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Financial Times: Mariupol residents kill stray dogs and… eat them

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On the catastrophic situation in the besieged Ukrainian city of Mariupol, in the south of the country, which the Russian army is trying to storm, the correspondent of the British newspaper “Financial Times” in Lviv wrote that in the besieged city, which is witness to the Fierce fighting in Russia’s three-week war against Ukraine, starving residents deliberately kill stray dogs for food.

The medieval Russian method of siege resulted in severe food and water shortages. Because the gas was cut off, residents were cooking food in pots over wood fires they got from broken furniture.

Demetro, a businessman who left town last week, says his friends told him they had resorted to this desperate method after running out of food in recent days. “You hear these things, but it’s impossible to take them seriously or believe what’s going on…it’s hell on earth,” he added.

Once one of the most important ports in Ukraine, Mariupol has become a mortuary and a ghost town. For more than two weeks, the city has been under heavy Russian bombardment, turning its neighborhoods into a heap of destruction.

After three days of punitive air and artillery attacks, which breached the fortifications of the three defensive lines, the Russian forces entered the center of the city, with fierce fighting in the main shopping streets and near the emblematic Theater Square.

Russian forces had previously taken control of the Levobergeny Rayon suburb to the east of the city, as well as Microroni, which are residential neighborhoods in the northeast, according to Ukrainian journalist Anna Romanenko, who is in close contact with Ukrainian forces there. “The front line now extends to the center of Mariupol,” she added.

Dmitru was one of the residents contacted by the Financial Times by phone after they were evacuated last week to the Ukrainian-controlled city of Zaporizhia, 230 kilometers to the west. All said the attack was so brutal that it devastated the city, killing and maiming countless civilians and leaving survivors with deep wounds.

“I cover my son with my body”
Mariupol Television CEO Mykola Oshchenko said that for the last three weeks he had felt completely powerless. He added: “When the shells fell, I would automatically cover my son with my body… But I know I really can’t protect him. It was a desperate act.”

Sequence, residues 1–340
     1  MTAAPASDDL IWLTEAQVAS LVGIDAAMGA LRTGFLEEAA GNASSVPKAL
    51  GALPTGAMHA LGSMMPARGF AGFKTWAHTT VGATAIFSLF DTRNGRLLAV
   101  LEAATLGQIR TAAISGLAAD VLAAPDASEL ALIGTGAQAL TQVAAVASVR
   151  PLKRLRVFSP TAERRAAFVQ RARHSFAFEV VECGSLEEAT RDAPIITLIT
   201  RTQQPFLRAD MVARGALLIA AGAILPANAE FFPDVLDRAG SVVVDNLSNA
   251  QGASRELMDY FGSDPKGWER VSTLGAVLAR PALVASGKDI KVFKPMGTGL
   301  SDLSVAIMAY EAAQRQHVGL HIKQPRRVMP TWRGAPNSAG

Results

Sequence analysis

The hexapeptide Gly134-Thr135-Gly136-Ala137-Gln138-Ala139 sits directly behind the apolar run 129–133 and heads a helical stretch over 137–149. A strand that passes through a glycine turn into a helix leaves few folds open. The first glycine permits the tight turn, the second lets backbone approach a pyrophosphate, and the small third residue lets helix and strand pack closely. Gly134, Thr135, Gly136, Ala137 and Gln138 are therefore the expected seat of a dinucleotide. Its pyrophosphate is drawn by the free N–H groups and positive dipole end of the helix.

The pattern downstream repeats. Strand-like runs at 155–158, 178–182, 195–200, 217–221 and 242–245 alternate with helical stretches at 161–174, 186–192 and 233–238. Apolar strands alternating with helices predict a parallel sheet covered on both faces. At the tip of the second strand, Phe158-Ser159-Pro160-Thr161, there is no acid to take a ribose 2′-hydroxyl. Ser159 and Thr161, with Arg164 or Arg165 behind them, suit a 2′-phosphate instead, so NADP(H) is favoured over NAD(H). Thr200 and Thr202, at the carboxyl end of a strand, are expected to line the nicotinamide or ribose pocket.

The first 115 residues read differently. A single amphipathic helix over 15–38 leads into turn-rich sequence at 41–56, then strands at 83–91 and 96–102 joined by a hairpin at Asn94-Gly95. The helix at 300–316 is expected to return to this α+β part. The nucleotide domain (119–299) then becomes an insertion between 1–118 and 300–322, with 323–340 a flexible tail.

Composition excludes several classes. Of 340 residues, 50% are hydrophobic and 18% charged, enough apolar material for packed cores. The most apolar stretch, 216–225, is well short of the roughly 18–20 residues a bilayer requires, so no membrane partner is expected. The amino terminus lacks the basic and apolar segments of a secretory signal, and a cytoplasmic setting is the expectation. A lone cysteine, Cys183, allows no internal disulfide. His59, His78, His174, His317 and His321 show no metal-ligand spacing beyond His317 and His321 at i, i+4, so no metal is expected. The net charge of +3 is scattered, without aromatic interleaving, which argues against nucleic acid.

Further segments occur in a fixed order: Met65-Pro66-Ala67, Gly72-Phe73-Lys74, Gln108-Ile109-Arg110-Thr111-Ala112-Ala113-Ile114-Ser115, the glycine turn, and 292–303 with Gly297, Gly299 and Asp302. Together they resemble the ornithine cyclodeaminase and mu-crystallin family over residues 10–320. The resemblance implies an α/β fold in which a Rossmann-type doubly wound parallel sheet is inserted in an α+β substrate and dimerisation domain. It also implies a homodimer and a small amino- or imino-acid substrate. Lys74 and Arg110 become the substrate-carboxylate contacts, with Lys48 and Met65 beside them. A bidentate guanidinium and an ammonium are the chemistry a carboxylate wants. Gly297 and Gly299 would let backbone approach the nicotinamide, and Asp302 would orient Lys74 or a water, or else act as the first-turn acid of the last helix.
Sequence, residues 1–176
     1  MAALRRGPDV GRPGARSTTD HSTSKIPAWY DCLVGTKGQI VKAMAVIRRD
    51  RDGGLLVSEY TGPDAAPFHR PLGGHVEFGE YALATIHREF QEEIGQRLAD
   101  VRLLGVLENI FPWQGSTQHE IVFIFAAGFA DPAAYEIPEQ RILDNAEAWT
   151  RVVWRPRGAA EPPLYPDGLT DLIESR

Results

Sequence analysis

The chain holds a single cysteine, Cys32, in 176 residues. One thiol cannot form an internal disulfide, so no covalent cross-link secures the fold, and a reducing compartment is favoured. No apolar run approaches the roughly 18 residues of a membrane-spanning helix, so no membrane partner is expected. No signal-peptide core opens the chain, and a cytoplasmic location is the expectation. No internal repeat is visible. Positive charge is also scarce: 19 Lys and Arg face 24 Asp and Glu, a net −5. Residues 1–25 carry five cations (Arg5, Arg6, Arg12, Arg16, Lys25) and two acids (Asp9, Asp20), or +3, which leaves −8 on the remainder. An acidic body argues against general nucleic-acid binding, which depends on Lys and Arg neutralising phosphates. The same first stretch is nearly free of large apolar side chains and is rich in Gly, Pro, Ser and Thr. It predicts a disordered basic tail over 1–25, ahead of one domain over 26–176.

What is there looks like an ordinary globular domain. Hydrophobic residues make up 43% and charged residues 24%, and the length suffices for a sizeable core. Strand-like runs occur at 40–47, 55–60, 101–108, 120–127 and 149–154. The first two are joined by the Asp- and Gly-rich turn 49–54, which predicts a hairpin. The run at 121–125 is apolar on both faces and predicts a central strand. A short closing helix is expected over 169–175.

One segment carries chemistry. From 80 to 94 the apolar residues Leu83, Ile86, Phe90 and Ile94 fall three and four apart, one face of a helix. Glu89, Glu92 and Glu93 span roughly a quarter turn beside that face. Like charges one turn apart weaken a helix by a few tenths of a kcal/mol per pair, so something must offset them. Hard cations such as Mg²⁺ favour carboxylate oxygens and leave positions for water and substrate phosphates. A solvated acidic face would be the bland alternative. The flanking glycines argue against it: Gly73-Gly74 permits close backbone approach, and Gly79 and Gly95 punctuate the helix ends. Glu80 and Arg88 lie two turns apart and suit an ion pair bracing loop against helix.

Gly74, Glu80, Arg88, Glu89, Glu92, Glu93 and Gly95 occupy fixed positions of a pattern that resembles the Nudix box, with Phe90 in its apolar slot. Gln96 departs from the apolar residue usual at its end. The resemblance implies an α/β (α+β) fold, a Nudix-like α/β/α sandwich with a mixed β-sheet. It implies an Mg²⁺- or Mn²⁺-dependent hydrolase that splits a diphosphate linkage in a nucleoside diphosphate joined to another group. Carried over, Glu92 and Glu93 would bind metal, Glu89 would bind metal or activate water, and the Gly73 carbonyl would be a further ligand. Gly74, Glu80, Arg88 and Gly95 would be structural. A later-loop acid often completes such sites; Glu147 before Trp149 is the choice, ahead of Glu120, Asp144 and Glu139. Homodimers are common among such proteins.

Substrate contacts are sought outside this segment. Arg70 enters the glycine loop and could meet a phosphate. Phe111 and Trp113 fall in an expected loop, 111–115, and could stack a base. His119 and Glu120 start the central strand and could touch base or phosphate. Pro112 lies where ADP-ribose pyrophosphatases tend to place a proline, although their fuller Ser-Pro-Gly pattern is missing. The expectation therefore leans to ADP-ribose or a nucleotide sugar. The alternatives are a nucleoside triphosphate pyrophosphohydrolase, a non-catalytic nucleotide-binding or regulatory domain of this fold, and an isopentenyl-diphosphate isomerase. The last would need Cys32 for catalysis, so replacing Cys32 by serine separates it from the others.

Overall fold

Given its strategic location on the Sea of ‚Äč‚ÄčAzov, the entrance to the Black Sea, the Russians focused on Mariupol from the first days of the war. Days after entering the city, his forces began shelling it, cutting off electricity, gas and water supplies, leaving 400,000 people to languish in bitterly cold shelters, hugging each other for warmth. Mariupol authorities say 2,400 city residents have been killed since the start of the Russian invasion.

stray dogs

Eyewitnesses describe scenes like on Resurrection Day, when stray dogs eat the remains of corpses in the streets. Dead civilians were placed in mass graves, or some were buried in the gardens of houses. It was too dangerous to hold an ordinary burial.

The Russian method of siege, dating back to the Middle Ages, caused severe food and water shortages. Because the gas was cut off, residents began cooking food in pots over wood fires they got from broken furniture.

Authorities sounded the alarm after Russian fighters shelled the city’s main theater last Wednesday, raising fears for the fate of hundreds of women and children who used the theater as a shelter. It is unclear how many people were killed or injured as a result of the attack.

Now, the residents face a new danger of evacuating part of the population to Russia with the uncertainty of the fate that awaits them there. Romanenko said the evacuees are being vetted by Russian officials “to see if they are worthy…and their backgrounds are being investigated by exposing their social media to see if they contain anything anti-Russia.”


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